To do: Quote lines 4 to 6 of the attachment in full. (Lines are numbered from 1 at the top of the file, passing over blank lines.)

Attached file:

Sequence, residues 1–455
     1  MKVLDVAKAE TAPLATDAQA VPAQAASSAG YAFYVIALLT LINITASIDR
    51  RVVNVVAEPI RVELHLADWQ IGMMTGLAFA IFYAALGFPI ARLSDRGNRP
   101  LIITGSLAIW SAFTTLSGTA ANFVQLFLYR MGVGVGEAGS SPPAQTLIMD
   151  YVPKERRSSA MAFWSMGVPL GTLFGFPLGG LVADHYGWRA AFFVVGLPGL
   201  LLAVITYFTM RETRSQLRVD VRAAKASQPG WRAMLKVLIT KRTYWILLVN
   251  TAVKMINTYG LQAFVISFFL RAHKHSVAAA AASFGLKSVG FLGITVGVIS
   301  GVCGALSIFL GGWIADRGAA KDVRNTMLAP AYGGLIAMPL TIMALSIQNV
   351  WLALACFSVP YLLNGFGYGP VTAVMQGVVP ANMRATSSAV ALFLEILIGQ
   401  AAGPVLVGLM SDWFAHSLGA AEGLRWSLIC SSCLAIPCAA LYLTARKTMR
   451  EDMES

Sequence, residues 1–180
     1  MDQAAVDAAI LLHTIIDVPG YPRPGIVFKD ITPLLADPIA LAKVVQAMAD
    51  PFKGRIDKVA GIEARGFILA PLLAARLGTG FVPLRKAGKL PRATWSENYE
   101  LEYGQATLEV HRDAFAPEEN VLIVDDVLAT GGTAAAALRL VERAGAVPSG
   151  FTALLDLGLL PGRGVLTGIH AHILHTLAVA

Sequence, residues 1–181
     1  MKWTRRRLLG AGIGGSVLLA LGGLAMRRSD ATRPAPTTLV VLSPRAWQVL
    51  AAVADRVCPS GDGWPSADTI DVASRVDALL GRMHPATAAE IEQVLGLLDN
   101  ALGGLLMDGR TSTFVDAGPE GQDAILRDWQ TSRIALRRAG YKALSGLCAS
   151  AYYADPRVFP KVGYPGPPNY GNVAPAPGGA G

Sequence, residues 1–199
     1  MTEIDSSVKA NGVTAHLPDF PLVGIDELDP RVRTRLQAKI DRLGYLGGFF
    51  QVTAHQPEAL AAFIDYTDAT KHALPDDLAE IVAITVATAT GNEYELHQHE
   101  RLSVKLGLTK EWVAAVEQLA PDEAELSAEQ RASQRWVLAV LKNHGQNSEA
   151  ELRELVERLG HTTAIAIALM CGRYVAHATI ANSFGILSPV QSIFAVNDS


   101  LIITGSLAIW SAFTTLSGTA ANFVQLFLYR MGVGVGEAGS SPPAQTLIMD
   151  YVPKERRSSA MAFWSMGVPL GTLFGFPLGG LVADHYGWRA AFFVVGLPGL
   201  LLAVITYFTM RETRSQLRVD VRAAKASQPG WRAMLKVLIT KRTYWILLVN